With the weather heating up, more people will be out on the beach this week – and that’s one reason why Seal Sitters Marine Stranding Network wants you to know that seal-pup season has begun in our area and the rest of south Puget Sound:
Although Seal Sitters has yet to receive a report of a newborn or newly weaned pup on West Seattle beaches this summer, there have been pups reported onshore in all directions around us. It is only a matter of time – possibly just days – until our first pup of the season shows up here, needing protection from disturbance. Seals come ashore to rest and warm up, behavior that is critical for their survival.
For those of you new to Puget Sound, harbor seal pups are born in our area from late June through the first week of September. After being weaned at 4-6 weeks old, these young pups strike off on their own, leaving the safety of rookeries, and often end up traveling to urban beaches, unaware of the inherent dangers they face there. It is normal to see a weaned seal pup alone on the beach.
We have also had a number of births over the years in West Seattle. Most often, that is not a terribly good scenario, since harbor seal moms are shy and can easily be scared away from their young; mom may not return for her pup if she perceives a threat from people and dogs nearby.
It is an extreme challenge to keep pups safe on crowded beaches and busy shoreline. If you see a seal pup onshore, please stay back, observe from a distance and call Seal Sitters hotline @ 206-905-SEAL (7325).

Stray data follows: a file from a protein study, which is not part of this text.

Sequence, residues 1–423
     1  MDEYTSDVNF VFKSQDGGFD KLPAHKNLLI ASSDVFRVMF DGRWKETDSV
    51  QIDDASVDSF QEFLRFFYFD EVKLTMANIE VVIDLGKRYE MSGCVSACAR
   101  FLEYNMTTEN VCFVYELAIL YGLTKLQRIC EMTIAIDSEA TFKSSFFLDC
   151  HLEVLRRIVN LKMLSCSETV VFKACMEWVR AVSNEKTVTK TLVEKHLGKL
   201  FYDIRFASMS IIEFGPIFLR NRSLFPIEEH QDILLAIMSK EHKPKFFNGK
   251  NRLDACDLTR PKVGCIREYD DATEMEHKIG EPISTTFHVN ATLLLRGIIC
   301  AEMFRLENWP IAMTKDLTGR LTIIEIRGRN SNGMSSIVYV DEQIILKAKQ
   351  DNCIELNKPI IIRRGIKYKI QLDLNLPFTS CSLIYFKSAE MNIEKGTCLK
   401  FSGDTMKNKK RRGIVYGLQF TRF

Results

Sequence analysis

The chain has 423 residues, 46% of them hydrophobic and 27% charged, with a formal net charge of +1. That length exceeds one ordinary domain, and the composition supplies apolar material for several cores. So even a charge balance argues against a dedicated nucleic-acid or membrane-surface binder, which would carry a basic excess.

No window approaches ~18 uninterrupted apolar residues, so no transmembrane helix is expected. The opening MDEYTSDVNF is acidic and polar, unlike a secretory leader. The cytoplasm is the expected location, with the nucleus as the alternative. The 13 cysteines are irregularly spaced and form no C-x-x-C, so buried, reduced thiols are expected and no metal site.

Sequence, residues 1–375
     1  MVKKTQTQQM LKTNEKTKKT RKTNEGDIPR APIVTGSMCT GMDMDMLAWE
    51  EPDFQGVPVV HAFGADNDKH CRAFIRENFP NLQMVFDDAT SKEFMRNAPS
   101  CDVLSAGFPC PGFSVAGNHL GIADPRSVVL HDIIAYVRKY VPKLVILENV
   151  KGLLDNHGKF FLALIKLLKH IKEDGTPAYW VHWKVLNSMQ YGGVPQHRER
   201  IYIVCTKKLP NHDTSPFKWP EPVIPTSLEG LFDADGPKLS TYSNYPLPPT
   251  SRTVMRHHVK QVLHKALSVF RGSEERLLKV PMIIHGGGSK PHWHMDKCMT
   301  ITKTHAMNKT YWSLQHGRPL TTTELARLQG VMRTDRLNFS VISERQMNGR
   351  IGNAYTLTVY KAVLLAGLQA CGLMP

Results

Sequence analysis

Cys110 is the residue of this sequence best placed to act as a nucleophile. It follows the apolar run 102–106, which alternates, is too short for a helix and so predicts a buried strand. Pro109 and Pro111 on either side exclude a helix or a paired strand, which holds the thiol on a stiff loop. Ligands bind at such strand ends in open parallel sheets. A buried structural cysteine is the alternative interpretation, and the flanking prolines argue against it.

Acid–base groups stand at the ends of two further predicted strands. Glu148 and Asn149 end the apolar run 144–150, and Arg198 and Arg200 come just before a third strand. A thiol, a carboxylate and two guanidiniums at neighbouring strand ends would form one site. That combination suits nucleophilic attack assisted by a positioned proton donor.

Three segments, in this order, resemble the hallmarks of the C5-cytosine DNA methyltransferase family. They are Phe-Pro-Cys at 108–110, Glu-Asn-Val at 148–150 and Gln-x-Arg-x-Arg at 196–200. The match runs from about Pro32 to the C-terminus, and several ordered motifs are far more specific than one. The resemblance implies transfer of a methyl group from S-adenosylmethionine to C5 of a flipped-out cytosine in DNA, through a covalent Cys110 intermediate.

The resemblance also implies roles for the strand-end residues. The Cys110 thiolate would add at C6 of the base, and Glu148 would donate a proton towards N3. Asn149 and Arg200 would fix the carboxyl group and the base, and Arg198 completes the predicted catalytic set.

Please be alert when you are walking the beach. Due to the camouflage of its spotted coat, a tiny seal pup can look like a bleached log or rock onshore. They often come ashore at high tide and nestle up against the woody debris on the beach, making them difficult to see until you are upon them. The 2010 photo of seal pup Pebbles [above], tucked under a log near the Water Taxi landing, shows how effectively they blend into the environment. Seal Sitters volunteers protected Pebbles 12+ hours a day for 15 consecutive days, as the pup swam ashore just before sunrise each morning and spent the day stretching and snoozing until flop-hopping back into the waters of Elliott Bay after dark.
A member of NOAA’s West Coast Marine Mammal Stranding Network, Seal Sitters MMSN responds to all reports of marine mammals, both dead and alive, in West Seattle from Brace Point through the Duwamish River. Seal Sitters, an all-volunteer group, is celebrating a decade of service protecting marine life.
For more information about seal pupping season and protocol around harbor seal rookeries, please go here.
And you can find in-depth information about marine mammals and NOAA’s stranding network on Seal Sitters’ website.